Currently, isolation and purification of these active compounds are being performed. The isolated and purified compounds will be structurally described by using nuclear magnetic resonance and mass spectrometry at the LSU Chemistry Department’s facilities in Baton Rouge. Once the active com-pounds are known, they will be used as chemical markers to standardize the extract.
The use of the fractionation processes revealed that 1) noni juice contains more than one active compound responsible for the observed antiangiogenic activity and 2) the active ingredients are in very low concentrations. Clearly, we need to develop a commercially viable processing method that can retain and raise all the active ingredients to therapeutic concentrations.
As the first step in this process, we developed a simple, single-step method to derive a highly concentrated noni extract called Super Noni. Super Noni represents 3 percent by weight of native, freeze-dried noni juice. At a 0.1 percent solution, the Super Noni extract completely inhibited human angiogenesis (Figure 1), whereas 10 percent by volume of native, freeze-dried and reconstituted noni juice was required to produce the same antiangiogenic effect. This increased potency of 100-fold is due to the removal of 97 percent of the inactive ingredients in the noni juice, yielding a net 33-fold increase in the concentration of active ingredients. This disproportionate increase in potency may have occurred because some substances that nullify the effects of angiogenesis may have been removed during processing or possibly as a result of a synergistic effect among the active ingredients in the Super Noni extract.
Assuming a therapeutic dose of one quart a day (equivalent to 3.17 ounces of freeze-dried noni juice powder), one would require 180 capsules (500 milligrams) a day of the noni juice but only six capsules (about 0.2 ounces) of Super Noni extract a day. Thus, the Super Noni product is extremely practical for clinical use. An antiangiogenic extract may not be therapeutically effective if underdosed, and this under-dosing is most likely to be caused by low levels of the active ingredients in the extract. Yet large doses (for example, 180 capsules a day) are not feasible. The exact therapeutic dosing regimen will have to be determined in human clinical Phase I trials, but it is obvious that this refined noni extract offers a great advantage in designing clinically effective yet practical dosing regimens for cancer therapy and prevention trials.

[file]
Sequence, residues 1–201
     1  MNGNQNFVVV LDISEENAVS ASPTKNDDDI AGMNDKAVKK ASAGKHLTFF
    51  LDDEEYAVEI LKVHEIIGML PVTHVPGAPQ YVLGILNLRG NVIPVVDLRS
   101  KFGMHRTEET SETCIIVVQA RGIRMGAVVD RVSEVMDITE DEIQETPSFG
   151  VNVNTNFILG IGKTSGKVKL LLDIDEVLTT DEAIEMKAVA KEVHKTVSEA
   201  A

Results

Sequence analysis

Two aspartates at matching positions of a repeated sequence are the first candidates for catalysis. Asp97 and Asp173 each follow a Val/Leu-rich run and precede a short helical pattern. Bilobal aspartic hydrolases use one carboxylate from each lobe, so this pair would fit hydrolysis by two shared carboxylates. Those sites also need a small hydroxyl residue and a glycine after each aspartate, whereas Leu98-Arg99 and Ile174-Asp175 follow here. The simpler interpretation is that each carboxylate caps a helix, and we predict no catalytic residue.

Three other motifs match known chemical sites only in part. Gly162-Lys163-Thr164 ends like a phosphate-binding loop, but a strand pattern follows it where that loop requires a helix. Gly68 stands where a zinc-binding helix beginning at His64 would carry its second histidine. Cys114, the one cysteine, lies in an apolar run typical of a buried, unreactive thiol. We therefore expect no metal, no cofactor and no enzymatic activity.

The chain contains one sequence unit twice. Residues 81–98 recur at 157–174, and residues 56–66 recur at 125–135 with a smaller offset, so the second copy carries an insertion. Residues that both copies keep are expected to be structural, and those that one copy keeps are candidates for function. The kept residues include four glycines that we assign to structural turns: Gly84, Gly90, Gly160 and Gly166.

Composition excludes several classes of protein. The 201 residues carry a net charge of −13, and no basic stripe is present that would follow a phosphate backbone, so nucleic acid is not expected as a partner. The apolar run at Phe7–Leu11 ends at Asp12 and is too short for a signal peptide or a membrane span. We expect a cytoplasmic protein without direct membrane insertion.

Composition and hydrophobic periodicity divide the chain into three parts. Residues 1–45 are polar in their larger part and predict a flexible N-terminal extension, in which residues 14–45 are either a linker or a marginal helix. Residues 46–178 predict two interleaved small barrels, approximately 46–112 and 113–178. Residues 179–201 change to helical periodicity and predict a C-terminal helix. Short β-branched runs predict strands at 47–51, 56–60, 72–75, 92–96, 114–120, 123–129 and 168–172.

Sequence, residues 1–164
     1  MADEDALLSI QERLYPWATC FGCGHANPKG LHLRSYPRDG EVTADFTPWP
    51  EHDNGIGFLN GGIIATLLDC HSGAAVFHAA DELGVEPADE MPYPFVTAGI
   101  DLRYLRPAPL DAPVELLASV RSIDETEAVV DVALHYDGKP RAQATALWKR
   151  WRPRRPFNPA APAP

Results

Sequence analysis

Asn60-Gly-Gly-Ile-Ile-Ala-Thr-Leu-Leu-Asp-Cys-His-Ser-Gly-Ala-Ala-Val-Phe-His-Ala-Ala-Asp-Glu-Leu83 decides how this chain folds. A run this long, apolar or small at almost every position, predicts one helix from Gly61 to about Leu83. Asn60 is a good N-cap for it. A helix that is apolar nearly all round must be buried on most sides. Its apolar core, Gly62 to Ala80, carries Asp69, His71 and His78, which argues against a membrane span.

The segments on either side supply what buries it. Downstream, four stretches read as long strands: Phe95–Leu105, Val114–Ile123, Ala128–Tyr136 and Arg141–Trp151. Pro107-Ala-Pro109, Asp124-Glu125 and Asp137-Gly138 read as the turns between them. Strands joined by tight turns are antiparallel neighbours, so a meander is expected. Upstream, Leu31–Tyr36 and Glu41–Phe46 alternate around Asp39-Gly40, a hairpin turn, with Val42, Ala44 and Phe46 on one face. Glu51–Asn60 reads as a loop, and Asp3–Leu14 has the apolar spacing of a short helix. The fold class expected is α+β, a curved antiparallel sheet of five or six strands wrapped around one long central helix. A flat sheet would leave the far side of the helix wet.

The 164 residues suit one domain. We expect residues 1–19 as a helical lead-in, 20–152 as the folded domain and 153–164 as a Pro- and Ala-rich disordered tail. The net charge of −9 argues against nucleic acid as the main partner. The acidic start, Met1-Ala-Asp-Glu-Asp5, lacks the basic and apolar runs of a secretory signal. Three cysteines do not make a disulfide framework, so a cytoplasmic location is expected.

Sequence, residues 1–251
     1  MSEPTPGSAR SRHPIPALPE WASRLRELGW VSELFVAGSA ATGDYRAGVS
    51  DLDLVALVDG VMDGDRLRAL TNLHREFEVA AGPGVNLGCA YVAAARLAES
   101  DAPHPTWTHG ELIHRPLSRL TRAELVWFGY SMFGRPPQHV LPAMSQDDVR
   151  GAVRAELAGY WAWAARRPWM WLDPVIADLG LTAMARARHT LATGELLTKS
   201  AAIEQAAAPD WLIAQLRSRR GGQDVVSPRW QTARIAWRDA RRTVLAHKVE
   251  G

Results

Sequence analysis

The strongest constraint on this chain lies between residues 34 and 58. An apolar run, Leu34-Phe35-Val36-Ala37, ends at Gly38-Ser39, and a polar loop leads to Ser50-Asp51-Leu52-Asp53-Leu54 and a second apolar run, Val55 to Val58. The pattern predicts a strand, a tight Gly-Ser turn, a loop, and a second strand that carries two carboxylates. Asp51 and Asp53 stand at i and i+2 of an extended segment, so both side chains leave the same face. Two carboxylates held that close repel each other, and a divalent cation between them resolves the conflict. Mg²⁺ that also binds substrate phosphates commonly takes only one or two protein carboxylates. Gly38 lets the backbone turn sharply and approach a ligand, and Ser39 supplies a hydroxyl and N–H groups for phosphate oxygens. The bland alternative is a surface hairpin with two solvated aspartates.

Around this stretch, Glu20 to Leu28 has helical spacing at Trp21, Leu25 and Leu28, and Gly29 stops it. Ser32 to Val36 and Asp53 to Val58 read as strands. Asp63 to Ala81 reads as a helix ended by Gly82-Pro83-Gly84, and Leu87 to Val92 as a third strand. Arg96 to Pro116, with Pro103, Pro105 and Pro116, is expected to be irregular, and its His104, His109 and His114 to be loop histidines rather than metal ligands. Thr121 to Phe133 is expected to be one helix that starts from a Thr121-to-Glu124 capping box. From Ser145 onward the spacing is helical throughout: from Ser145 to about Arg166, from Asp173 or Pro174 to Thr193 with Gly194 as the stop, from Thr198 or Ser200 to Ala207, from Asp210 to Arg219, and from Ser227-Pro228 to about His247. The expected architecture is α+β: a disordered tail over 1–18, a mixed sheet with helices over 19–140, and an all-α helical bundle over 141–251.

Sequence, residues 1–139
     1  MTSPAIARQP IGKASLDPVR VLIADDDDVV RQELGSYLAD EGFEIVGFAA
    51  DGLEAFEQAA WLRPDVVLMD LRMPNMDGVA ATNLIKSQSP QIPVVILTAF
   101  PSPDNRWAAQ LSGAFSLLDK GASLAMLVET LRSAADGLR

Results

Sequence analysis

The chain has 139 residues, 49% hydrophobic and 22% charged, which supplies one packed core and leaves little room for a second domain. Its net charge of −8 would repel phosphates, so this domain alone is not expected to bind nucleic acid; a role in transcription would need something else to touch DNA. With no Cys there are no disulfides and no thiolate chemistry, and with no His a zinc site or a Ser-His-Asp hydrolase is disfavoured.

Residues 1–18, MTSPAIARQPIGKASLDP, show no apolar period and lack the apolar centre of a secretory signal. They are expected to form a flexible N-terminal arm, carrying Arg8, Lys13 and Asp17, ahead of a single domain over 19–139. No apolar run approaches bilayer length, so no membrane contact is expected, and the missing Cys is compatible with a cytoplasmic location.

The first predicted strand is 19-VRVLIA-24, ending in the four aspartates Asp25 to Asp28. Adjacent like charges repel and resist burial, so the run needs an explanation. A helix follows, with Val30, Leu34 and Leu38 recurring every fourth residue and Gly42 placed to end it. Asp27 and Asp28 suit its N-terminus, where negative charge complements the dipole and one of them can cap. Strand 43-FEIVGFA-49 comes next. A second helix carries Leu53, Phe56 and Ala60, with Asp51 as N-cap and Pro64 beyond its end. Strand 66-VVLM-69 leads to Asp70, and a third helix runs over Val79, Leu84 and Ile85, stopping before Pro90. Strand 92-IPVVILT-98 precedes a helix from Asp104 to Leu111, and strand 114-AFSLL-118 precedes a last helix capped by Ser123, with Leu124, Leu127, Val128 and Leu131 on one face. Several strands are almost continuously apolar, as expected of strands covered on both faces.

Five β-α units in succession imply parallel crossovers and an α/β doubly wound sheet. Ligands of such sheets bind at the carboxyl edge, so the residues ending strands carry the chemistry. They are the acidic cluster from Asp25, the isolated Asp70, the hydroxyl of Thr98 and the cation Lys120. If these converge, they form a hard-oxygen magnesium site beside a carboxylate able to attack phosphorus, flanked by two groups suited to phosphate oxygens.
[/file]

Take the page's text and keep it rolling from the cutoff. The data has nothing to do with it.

The Super Noni concept makes commercial sense and presents a viable commercial opportunity for product development in the area of medical foods and nutraceuticals.
The collaborative work of these researchers presents convincing scientific evidence and a botanical prototype product for treatment and prevention of re-occurrence of tumors, malignant or benign, that rely on angiogenesis to grow and spread. A method is being developed in tissue culture settings to propagate noni plants. Since noni is a tropical plant, cultivation of this plant will have to be limited to greenhouses in Louisiana.
Zhijun Liu, Associate Professor, School of Renewable Natural Resources, LSU AgCenter, Baton Rouge, La.; Conrad Hornick, Professor, Department of Physiology, LSU Health Sciences Center, New Orleans, La.; Eugene Woltering, James D. Rives Professor, Department of Surgery, the Stanley S. Scott Cancer Center, the Neurosciences Center of Excellence, and the Veterans Administration Medical Center, LSU Health Sciences Center, New Orleans, La.
(This article was published in the winter 2005 issue of Louisiana Agriculture.)